Taking It Home
We all know that families now aren't necessarily like Ozzie and Harriet (it turns out Ozzie and Harriet's family wasn't all Ozzie and Harriet)... family has a traditional context, but today it's not as simple as two parents with 2-3 kids... it's about relationships... it's about people who are bound together by love and a sense of being responsible for one another... it's spouses with no children, like Jeffrey and me... it's a group of women who meet to cook dinner together once a month... it's a one-parent family with adopted children... it's two men who've made a life together... at the end of the day, all we have is love... getting love, but even more, feeling love... — Ina Garten, chef and cookbook author
IN TODAY'S SESSION... the participants talked about love and families in the context of the second Principle, "all people should be treated fairly." They drew who lives in their house and talked about whom they consider family. They heard a story about the diversity of families and how each family is unique and surrounded by love. Participants learned a breathing meditation to help them visualize love.
EXPLORE THE TOPIC TOGETHER. Talk about... love without boundaries within families, using the questions below that apply.
- Does your family live in one place or more than one place?
- Where in your community, do you see other families?
- How do you show other families that they are important?
- What's the very best thing about your family?
- What makes your family laugh together?
EXTEND THE TOPIC TOGETHER. Try... spending one more hour a week together as a family. You might invite another family to join yours for an activity suggested below.
Family Adventure. No-cost family events are the best. Take a family walk around your community. How are the families in your community diverse? Do you find any families that need help? Did a family lose an animal you can help locate? Does someone need help with yard work?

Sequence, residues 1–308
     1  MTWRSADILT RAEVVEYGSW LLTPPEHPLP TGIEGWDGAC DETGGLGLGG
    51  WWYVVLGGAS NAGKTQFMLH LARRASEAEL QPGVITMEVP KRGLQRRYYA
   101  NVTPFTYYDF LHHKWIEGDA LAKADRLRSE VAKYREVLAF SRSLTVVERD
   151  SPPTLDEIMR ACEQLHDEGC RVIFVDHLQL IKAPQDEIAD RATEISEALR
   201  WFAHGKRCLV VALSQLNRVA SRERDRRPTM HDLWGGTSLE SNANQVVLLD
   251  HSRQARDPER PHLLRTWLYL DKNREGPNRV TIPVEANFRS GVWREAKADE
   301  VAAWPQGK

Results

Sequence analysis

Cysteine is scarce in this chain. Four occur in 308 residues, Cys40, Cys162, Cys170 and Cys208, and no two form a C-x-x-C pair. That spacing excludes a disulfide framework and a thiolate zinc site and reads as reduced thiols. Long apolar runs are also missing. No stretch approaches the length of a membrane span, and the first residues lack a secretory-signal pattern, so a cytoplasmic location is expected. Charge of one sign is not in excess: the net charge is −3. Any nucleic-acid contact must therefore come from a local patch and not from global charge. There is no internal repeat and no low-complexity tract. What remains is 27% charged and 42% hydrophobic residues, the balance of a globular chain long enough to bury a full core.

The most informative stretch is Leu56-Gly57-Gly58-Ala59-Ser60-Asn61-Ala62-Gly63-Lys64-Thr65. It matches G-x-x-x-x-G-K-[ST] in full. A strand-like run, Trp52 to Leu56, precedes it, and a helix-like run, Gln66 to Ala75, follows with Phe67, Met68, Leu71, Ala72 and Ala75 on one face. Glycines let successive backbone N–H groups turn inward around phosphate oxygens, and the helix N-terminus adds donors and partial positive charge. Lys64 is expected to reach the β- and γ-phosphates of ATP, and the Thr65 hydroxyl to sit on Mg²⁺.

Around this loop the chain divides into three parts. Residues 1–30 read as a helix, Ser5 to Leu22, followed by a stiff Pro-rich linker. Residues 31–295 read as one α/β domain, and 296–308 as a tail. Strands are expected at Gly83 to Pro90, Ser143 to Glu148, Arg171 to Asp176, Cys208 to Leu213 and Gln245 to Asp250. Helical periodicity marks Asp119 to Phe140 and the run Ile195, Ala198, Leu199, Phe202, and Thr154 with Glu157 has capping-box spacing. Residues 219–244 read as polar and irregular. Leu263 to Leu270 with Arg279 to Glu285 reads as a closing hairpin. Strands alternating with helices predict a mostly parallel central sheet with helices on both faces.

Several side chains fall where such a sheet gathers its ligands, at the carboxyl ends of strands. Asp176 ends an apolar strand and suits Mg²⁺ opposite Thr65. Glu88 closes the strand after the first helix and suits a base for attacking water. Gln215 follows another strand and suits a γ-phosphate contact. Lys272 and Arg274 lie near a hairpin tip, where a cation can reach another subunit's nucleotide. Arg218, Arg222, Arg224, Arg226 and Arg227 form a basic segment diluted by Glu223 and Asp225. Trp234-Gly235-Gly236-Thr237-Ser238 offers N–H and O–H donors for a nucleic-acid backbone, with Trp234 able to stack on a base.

Family Discovery. The Families with Purpose website offers games, recipes, activities, and science for families. Books to read aloud as a family include
The Education of Little Tree by Forrest Carter (University of New Mexico Press, 2001); A Gathering of Days -- A New England Girl's Journal 1830-32 by Joan W. Blos (Atheneum, 1990); The Chronicles of Narnia by C.S. Lewis (Harper-Festival, 2008); Rules by Cynthia Lord (Scholastic Paperback, 2008), a Newberry Award book about a family with an autistic child; Espernaza Rising by Pam Munzo Ryan (Blue Sky Press, 2002), about an immigrant family; The Watsons Go To Birmingham — 1963 by Christopher Paul Curtis (Laurel Leaf, 2000), the story of an African American family during a key year in the Civil Rights movement.
A Family Ritual. Rituals bring families together. At bedtime, before reading aloud together, fill a clear bowl with water. Bless the water by saying together "Love surrounds us in the air we breathe, the water we drink, and time we spend together." After reading a book aloud, take turns dipping fingers in the water and touching the water to your forehead. Use the words "Blessings on your day."
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